The best way to reduce costs would be to cure disease, the next best thing would be medicine or procedures to relieve symptoms, not to ignore them which is a good way to make them worse.

    The way to manage diabetes is to reduce the amount of sugar in the blood, not useful for anxiety and depression.

    A hammer desperately looking for nails.
     
    Sean, alktipping, shak8 and 3 others like this.
  8. rvallee

    rvallee Senior Member (Voting Rights)

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    On second thought, let's also throw in the kitchen sink. No, wait, many, many kitchen sinks. Yes, that should work.

    The quality of research in clinical psychology is seriously going down, it's getting even less rigorous than famous failed experiments like the Stanford prison and Milgram's. And the general vibe in the field is that things are improving. Amazing.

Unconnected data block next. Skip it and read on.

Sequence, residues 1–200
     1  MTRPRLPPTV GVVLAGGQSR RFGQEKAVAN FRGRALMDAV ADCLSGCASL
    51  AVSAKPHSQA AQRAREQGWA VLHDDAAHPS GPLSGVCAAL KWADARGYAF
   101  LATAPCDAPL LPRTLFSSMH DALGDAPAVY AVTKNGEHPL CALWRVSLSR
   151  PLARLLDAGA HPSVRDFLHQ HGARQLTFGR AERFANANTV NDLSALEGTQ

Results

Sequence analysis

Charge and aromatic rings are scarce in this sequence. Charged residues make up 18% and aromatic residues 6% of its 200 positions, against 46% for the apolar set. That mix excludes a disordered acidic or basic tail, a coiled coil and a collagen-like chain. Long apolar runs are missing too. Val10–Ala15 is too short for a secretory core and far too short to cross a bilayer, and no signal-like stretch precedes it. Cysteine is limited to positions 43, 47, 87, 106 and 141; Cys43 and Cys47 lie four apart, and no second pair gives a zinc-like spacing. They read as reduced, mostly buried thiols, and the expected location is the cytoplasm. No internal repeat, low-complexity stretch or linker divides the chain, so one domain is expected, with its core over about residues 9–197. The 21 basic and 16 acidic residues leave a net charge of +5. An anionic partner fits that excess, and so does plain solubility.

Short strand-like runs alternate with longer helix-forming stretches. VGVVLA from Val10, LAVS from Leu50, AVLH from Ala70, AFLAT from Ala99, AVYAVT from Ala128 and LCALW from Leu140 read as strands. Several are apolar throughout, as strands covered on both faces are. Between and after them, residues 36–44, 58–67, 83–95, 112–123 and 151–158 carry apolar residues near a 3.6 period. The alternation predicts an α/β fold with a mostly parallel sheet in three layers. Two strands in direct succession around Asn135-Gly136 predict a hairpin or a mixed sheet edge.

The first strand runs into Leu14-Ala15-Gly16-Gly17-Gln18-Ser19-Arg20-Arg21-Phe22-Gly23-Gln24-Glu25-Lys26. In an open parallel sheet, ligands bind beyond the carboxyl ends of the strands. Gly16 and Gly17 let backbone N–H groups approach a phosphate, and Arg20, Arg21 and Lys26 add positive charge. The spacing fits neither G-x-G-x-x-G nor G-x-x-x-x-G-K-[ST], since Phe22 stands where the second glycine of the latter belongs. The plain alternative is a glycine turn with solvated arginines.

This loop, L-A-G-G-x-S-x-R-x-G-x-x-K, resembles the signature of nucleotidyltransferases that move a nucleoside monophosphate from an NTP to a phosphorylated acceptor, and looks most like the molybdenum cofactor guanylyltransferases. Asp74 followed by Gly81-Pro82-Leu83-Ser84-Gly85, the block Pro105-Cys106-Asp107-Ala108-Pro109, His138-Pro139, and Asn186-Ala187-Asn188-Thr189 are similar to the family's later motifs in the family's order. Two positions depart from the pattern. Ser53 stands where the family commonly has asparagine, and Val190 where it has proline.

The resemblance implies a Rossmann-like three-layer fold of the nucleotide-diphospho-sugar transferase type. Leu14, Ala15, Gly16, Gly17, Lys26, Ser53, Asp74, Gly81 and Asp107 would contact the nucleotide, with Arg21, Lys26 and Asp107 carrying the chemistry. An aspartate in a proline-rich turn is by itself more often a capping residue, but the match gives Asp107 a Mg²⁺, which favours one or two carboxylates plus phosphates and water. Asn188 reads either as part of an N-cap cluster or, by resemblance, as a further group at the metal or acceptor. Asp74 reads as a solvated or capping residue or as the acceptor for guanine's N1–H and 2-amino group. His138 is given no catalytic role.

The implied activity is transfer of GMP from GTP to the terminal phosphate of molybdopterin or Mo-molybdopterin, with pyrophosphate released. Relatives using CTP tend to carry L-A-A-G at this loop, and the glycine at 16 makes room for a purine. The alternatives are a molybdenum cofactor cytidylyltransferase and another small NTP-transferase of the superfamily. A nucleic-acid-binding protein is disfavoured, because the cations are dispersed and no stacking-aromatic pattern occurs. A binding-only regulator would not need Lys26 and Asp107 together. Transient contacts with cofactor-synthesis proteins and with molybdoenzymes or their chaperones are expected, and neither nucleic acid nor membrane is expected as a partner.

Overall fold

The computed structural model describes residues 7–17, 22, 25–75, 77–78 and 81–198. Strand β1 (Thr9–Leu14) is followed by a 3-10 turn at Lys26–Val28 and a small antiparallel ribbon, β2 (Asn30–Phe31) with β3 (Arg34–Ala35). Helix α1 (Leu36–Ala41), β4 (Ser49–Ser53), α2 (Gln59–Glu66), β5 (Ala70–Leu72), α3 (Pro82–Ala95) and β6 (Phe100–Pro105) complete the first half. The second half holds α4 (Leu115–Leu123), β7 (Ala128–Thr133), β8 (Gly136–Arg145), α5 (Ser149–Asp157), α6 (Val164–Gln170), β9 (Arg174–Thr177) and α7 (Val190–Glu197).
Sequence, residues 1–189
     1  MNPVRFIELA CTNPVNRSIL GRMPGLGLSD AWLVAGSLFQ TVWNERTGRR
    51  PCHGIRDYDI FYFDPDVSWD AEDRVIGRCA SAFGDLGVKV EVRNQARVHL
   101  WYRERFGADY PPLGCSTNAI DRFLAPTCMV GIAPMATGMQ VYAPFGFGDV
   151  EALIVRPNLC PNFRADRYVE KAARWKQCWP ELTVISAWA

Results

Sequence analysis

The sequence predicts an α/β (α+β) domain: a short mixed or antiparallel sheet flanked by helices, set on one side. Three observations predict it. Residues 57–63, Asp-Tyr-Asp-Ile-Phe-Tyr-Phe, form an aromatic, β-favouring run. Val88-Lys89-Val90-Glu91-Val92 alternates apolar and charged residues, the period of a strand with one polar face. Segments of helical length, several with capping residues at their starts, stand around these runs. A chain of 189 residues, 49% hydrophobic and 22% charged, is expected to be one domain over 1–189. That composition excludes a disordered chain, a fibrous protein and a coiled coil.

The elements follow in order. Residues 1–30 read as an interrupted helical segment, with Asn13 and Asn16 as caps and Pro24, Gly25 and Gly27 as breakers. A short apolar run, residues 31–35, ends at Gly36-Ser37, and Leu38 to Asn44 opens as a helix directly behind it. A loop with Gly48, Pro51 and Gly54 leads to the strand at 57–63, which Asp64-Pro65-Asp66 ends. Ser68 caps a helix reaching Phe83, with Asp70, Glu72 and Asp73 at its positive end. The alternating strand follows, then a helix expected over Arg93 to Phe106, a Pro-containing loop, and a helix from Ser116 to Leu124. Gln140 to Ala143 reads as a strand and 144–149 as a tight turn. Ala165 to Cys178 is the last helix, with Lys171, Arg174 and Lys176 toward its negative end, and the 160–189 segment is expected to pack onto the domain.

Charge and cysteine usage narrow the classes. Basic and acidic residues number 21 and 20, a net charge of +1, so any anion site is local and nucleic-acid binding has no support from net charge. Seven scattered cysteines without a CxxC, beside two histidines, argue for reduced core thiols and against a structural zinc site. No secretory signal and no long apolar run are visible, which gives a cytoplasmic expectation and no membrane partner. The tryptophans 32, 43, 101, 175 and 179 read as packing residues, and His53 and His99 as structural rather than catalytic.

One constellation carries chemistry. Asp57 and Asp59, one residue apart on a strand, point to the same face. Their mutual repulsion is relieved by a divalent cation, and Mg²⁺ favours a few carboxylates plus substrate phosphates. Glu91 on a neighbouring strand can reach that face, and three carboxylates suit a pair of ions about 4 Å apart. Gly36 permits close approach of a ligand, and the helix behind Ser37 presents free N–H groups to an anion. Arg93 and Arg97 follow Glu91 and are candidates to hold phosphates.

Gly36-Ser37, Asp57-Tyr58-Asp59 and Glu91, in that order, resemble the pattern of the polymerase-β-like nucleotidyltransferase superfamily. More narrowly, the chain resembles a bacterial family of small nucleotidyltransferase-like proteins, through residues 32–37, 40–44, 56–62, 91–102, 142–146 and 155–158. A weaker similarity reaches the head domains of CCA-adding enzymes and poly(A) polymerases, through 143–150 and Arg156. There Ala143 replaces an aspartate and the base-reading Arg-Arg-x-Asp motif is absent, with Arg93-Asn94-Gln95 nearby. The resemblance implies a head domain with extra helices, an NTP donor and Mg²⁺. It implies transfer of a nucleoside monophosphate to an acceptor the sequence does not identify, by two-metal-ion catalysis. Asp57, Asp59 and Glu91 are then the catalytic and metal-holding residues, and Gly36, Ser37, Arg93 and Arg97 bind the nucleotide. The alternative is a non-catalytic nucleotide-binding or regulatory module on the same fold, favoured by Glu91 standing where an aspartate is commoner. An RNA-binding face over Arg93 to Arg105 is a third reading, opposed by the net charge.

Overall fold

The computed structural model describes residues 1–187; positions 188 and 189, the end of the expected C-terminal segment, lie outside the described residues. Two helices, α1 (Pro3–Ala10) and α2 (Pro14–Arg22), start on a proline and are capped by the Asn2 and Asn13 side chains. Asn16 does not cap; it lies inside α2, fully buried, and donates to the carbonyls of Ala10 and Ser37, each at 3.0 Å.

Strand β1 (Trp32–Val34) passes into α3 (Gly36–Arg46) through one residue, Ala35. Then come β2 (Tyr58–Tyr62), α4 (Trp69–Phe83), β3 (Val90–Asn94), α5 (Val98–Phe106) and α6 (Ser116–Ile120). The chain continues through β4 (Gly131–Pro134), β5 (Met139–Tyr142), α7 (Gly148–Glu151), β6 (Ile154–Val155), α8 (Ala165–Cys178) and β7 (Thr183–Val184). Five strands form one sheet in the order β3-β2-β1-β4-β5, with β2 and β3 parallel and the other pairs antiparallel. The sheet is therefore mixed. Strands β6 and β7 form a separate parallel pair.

Kalliope, Sean and alktipping like this.
  9. Sean

    Sean Senior Member (Voting Rights)

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    Location:
    Australia
    They have to assert that we are pathetic incompetent wretches who fall apart at the first whiff of difficulties in life, and maybe even malingerers and frauds as well. Otherwise their 'model' doesn't work from the start.
     
    rvallee, Mithriel, ukxmrv and 4 others like this.
  10. hinterland

    hinterland Senior Member (Voting Rights)

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    Sorry, I don't think I can even get past the title! When they start throwing around the word 'interdisciplinary' you know you're in trouble. They don't know what to do with you. Perhaps less responsibility for the individual physician and more discipline for the patient will help?! That's what it sounds like to my ears. Just chivvy the patient along...

    "When a lot of remedies are suggested for a disease, that means it can't be cured." Anton Chekhov
     
    Last edited: Oct 10, 2021
    Sidney, ukxmrv, Sean and 2 others like this.